In Brief

How to write a book: literary dos and don’ts - plus tips from famous authors

Learn from the masters about how to start writing a best-seller

Writing a novel consistently tops the list of unrealised new year’s resolutions, alongside losing weight and drinking less.

But if, ten months into 2018, you still haven’t put metaphorical pen to paper, don’t worry, there is still time to make a start.

See what’s worked for famous authors in the past, or skip down to read the nine most common follies to avoid when starting off.

Have a routine and stick to it

It doesn’t matter whether you work best first thing in the morning or last thing at night, the key is to work out when you are at your most productive, then keep to that schedule.

For writers including Leo Tolstoy, Jane Austen, Ernest Hemingway and Kurt Vonnegut, this meant getting up early, around dawn, putting in a hard shift before lunch then relaxing, editing or doing other work for the rest of the day... or in the case of Hemingway drinking.

Another legendary drinker, Jack Kerouac, had the opposite approach, not waking until the afternoon then writing from midnight to dawn. Franz Kafka and Catch 22’s Joseph Heller both had full time jobs, as an insurance agent and ad executive respectively, so were also forced to write at night.

For others, such as Steven King, routine means setting yourself a target of a certain number of new pages every day (in his case six) and hitting that mark no matter what. Authors write at different speeds but almost all set themselves a daily word count.

In a 2004 Paris review interview Haruki Murakami, regarded as one of the world’s greatest living novelists, revealed his daily routine:

“When I’m in writing mode for a novel, I get up at 4am and work for five to six hours. In the afternoon, I run for ten kilometres or swim for fifteen hundred meters (or do both), then I read a bit and listen to some music. I go to bed at 9pm I keep to this routine every day without variation. The repetition itself becomes the important thing; it’s a form of mesmerism. I mesmerise myself to reach a deeper state of mind.”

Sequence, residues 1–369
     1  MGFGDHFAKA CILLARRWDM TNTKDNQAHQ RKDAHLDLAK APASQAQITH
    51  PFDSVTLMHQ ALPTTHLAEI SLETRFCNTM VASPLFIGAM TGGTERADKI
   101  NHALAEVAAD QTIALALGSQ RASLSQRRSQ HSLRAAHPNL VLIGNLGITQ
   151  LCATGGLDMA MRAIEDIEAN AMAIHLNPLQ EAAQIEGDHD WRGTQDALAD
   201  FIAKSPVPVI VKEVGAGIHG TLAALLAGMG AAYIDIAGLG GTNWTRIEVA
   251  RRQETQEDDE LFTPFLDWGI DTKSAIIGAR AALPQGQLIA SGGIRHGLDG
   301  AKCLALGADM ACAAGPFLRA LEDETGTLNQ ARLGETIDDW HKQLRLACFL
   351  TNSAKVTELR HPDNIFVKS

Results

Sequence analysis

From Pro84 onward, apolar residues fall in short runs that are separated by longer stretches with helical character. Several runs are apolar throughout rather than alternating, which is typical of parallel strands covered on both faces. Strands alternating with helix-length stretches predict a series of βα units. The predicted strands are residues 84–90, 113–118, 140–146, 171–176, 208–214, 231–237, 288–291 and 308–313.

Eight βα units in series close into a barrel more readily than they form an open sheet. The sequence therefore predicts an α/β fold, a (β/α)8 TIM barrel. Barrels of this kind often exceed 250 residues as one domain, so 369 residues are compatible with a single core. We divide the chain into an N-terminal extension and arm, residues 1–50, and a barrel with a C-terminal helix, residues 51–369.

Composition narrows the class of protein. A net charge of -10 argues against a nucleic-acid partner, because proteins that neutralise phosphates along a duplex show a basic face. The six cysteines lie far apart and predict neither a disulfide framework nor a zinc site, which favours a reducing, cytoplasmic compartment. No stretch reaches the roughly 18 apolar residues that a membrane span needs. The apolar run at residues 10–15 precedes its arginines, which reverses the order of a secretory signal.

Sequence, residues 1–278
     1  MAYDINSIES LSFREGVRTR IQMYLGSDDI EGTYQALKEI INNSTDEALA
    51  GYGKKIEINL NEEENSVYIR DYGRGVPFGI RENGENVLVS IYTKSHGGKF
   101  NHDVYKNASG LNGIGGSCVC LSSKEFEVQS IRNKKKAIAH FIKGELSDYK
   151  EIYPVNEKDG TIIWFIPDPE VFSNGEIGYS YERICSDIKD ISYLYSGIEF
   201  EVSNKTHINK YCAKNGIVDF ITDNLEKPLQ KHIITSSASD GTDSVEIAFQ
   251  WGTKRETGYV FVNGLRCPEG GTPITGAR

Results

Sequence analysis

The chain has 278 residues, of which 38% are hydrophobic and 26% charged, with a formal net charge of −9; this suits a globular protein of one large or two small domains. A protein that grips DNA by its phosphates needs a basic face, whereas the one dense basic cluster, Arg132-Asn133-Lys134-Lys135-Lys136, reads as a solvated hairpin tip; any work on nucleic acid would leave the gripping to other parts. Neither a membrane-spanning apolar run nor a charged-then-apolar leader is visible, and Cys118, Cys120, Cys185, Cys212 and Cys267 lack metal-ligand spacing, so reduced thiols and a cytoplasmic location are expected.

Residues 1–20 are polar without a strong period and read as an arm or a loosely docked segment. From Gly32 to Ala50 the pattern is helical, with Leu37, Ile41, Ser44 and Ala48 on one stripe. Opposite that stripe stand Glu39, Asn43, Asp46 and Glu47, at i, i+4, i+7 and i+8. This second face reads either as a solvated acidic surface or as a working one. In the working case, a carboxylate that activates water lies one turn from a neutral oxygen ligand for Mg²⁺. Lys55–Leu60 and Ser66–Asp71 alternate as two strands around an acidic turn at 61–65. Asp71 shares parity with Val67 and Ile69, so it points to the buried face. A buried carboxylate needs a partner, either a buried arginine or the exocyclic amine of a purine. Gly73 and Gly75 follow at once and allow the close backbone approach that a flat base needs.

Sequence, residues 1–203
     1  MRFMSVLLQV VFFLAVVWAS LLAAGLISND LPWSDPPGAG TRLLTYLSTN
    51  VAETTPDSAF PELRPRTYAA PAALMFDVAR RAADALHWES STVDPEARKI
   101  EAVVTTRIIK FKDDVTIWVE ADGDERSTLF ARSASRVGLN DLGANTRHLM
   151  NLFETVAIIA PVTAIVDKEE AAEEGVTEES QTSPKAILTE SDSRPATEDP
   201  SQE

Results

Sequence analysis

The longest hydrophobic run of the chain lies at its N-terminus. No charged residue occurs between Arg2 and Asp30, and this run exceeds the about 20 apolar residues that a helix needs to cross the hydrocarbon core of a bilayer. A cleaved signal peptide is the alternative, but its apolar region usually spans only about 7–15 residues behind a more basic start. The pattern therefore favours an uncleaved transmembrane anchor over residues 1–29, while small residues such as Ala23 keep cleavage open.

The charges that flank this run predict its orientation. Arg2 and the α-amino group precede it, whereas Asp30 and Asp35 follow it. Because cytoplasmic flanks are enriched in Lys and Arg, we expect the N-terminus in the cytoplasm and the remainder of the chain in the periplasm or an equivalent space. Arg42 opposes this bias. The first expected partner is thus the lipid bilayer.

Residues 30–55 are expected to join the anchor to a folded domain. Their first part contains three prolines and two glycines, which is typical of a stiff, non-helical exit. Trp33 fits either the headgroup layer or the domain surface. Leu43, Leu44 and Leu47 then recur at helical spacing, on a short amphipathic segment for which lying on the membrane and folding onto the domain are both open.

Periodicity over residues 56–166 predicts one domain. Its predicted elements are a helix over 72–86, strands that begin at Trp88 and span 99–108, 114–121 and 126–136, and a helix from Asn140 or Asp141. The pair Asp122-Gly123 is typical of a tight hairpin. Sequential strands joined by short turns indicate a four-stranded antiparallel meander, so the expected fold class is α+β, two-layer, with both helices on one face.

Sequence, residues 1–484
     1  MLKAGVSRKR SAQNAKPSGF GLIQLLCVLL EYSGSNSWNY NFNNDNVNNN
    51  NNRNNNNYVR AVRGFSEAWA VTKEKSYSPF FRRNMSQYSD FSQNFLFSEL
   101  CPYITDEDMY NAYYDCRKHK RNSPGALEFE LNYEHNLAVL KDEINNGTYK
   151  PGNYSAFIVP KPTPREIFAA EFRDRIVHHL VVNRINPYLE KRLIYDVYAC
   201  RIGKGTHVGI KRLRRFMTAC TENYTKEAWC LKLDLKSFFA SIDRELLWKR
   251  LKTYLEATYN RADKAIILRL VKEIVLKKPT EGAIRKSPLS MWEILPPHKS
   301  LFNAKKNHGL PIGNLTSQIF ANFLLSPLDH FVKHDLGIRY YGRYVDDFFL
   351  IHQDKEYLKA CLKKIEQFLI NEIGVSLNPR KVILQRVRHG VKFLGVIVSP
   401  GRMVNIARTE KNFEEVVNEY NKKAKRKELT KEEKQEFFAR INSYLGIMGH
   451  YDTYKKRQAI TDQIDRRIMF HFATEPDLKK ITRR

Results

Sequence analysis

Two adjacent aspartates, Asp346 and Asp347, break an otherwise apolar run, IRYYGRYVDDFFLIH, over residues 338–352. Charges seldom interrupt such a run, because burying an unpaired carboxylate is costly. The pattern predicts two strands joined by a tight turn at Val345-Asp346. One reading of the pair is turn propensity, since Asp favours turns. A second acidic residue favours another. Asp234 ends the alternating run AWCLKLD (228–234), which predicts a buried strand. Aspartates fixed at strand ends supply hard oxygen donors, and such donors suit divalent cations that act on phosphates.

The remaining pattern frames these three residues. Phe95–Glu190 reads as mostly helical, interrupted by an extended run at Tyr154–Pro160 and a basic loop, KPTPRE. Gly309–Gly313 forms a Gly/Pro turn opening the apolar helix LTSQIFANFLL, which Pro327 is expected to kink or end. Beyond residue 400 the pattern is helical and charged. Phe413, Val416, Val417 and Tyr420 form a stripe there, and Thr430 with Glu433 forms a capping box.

Find the right place to work

Truman Capote, the author of Breakfast at Tiffany’s and In Cold Blood, famously wrote sitting up in bed, his typewriter resting on his knees. Ernest Hemingway often wrote standing up as did Victor Hugo, while Roald Dahl retreated to his shed at the end of the garden. The legendary Hollywood screenwriter Dalton Trumbo often wrote and edited in the bath as it was the only way he could get away from his children.

While these may be extreme examples, studies have shown that each of us has an optimal working position which can be affected by as little a change as shifting the direction of your desk so light enters your eyes from a different angle.

On the other hand, some people, often out of necessity, thrive in a challenging environment. JK Rowling does not have a set-in-stone routine, preferring to write whenever and wherever she can.

“Sometimes you have to get your writing done in spare moments here and there” she said. “I can write anywhere. I made up the names of the characters on a sick bag while I was on an airplane.”

Fiona Mozley, who was shortlisted for this year’s Man Booker Prize, wrote her debut novel on her phone on the train back and forth from London to York.

Disconnect from the internet

A modern phenomenon that will no doubt be familiar to anyone who has ever wasted an hour, or day, lost in the internet.

The writer and essayist Susan Sontag told people not to call in the morning and never answered the phone, however, with the rise of the internet modern authors have had to take more drastic measures to stay focused.

One of the most extreme of these is Pulitzer-prize winning writer Jonathan Franzen, who literally cuts his internet cable when he starts a novel.

Zadie Smith also stresses the importance of getting offline, but her method is to work on a computer not hooked up to the internet. Others use internet blocking software which means their time online is rationed at to give them 15 minutes per every thousand words.